From our earliest records, we know that followers of the Buddha perfumed their sacred spaces with incense and scented unguents. Tibetan Buddhists set up shrines or make offerings at places of pilgrimage or practice following the ancient Indian texts. We offer incense and perfumed water, or perfumed substances that please the sense of smell. Offering scents brings great benefits: it delights the deities and dispels negative influences and spirits. Offering practices help the practitioner gather mundane necessities such as food and wealth. More importantly, offerings purify evil deeds, perfect the accumulations, and purify discipline. Moreover, incense and perfumed waters serve as an offering to the objects of refuge and bring blessings and purification for oneself. In Vajrayana texts, we also find mention of scented offerings providing liberation-through-smell for other beings.

Traditional Vajrayana texts enumerate offering goddesses who anthropomorphically represent the five senses. These goddesses are the consorts of the eight great bodhisattvas. For the sense of smell, the goddess Gandhā (Tib. Drichabma) personifies perfume. We see her often depicted holding a conch shell filled with perfumed substances. Frequently we fill a conch shell or bowl with saffron-scented water. Texts also mention the delightful aromas of nutmeg, camphor, sandalwood, and musk.

The goddess Dhūpā (Tib. Dukpöma) represents incense and is pictured holding an incense burner. In Tibetan texts, we find references to juniper, agarwood, pine, vetiver, and sandalwood, among others. These woods and resins contain purificatory properties, and for that reason, they are often offered to clear away obstacles and cleanse the environment. In addition, these substances may calm and soothe the mind, and allow for balanced meditation. Akara collection offers a selection of quality incense produced under the specific direction of Phakchok Rinpoche.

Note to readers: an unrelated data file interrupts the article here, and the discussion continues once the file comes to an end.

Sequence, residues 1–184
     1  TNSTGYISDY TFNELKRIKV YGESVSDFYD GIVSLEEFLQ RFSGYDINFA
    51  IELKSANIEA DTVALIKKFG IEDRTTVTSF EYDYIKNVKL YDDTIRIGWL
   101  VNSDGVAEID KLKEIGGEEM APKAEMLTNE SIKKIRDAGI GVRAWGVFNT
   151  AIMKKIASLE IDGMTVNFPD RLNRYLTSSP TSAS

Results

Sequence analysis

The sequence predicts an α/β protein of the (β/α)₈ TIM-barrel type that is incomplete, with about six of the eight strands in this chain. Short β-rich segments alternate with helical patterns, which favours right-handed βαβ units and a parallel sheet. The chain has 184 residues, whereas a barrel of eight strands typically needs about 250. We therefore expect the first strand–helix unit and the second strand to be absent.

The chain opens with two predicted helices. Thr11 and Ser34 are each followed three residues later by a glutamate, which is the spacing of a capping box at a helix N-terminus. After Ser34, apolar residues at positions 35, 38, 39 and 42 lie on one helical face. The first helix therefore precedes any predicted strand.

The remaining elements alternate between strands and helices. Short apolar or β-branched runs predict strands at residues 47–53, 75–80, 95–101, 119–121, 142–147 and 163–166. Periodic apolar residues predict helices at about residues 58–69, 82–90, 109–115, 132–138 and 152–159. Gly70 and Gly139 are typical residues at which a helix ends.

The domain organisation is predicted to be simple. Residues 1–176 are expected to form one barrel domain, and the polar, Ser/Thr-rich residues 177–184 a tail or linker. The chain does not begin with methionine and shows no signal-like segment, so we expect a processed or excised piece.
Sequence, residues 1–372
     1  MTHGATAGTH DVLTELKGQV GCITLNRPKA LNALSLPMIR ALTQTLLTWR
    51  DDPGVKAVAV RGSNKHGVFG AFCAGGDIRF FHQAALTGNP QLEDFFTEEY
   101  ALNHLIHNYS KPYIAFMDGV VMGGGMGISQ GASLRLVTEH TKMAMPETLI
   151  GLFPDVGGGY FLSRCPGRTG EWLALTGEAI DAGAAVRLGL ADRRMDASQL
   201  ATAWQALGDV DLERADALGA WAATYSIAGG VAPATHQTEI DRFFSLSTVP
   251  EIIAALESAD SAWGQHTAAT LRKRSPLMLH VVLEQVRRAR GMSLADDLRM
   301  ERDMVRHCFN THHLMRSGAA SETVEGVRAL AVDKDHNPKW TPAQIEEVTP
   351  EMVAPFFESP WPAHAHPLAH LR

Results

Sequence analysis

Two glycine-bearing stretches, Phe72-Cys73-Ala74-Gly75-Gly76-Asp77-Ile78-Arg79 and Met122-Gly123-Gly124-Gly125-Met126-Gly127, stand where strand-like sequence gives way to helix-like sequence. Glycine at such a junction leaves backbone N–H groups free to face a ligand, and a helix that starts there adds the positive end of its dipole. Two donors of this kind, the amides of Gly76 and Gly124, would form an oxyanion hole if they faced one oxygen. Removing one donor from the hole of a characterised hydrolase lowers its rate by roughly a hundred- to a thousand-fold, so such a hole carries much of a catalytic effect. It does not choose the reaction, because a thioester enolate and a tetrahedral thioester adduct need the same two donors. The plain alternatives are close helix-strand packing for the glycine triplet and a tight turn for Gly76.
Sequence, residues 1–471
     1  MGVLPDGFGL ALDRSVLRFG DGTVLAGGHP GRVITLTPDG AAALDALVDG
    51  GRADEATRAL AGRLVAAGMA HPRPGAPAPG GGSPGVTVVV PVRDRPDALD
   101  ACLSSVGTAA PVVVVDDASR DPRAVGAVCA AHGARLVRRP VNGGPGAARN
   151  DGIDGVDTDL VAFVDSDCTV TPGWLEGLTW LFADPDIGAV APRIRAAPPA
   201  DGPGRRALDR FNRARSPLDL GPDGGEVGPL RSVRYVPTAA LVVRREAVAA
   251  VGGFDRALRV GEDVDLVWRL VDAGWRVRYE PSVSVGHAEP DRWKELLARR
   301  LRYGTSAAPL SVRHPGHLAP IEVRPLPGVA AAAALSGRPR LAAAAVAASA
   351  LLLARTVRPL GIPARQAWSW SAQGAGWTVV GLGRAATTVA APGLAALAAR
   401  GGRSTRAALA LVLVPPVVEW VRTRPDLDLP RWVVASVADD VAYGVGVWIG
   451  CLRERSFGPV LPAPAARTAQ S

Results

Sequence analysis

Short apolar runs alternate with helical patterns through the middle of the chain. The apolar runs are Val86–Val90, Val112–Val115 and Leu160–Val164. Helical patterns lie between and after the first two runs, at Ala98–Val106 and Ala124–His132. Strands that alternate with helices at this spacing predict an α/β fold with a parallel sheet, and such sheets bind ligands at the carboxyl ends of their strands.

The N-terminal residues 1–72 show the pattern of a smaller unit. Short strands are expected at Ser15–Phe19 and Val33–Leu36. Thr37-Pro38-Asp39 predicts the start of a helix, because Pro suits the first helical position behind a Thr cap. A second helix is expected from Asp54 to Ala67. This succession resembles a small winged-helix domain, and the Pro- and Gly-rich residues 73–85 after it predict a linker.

Buddhist texts associate incense and perfume with the paramita of discipline. From reading a wide variety of texts, we learn that the Buddha’s personal scent was sweet and entrancing due to his lengthy career of practicing discipline. From his detailed life story, we learn that the Buddha even remained within a perfumed chamber in his mother’s womb. As his community of followers began to collect in monasteries, perfumed chambers were established to mark the dwelling place of the Buddha. Devout followers would regularly present offerings of incense and perfumes to maintain these aromatic surroundings. Monks, nuns, and laypeople also ritually smeared sacred stũpas with sandalwood paste and saffron. This practice is attested in both texts and physical evidence and continues to this day throughout Asia.

The most elaborate scent offering is the practice of Sangchö (cleansing smoke offering). Samye Institute has worked with Phakchok Rinpoche to develop a support program to help practitioners understand and participate in this profound offering practice. Our affiliated ritual supplies organization, Akara, offers genuine sang substances prepared according to the ancient texts. You can also find a wide range of incense produced under the direction of Phakchok Rinpoche for use in daily offerings.